Thank you, David, for your thoughts on debate.  My reply:

1. David adds a principle to my list:

Admit when you’re wrong. Or, even if the person on the other
side hasn’t convinced you that you’re wrong, but has made you have
doubts, admit that you have doubts.

I fully agree.

2. David’s other main observation: “Appeals to emotion can be sleazy, but they’re not necessarily sleazy.”

My initial reaction was to disagree, but David’s presentation gave me some doubts.  On third thought, though, I stand by my original claim. 

Key point: What counts as an “appeal to emotion”?  It can’t merely be any claim expected to produce a favorable emotion in the audience.  By that standard, after all, virtually every statement a debater bothers to make constitutes an appeal to emotion.  The standard meaning is much narrower.  As Wikipedia puts it:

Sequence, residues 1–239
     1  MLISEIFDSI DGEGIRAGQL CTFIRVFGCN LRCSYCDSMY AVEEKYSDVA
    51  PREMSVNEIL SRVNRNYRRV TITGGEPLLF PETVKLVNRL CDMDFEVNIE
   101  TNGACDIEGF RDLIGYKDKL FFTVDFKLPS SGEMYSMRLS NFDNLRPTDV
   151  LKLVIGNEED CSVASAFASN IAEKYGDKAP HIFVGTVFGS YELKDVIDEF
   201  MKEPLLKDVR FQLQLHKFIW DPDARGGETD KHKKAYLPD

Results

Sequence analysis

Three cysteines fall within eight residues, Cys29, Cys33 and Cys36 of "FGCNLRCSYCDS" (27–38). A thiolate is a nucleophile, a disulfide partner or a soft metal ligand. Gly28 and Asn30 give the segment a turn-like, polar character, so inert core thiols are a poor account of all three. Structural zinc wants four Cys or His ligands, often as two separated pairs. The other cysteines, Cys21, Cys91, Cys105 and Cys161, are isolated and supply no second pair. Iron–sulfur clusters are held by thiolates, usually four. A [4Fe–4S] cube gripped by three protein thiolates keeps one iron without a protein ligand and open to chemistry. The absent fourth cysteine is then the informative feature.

Appeal to emotion or argumentum ad passiones is a logical fallacy characterized by the manipulation of the recipient’s emotions in order to win an argument, especially in the absence of factual evidence.

The “especially in the absence of factual evidence” clause is fundamental. 

Doesn’t my Haitian example still qualify?  As a moral realist who believes in moral facts, I say no.  The flip side, incidentally, is that if you’re a moral anti-realist, debating morality requires logical fallacy.  But that’s your problem!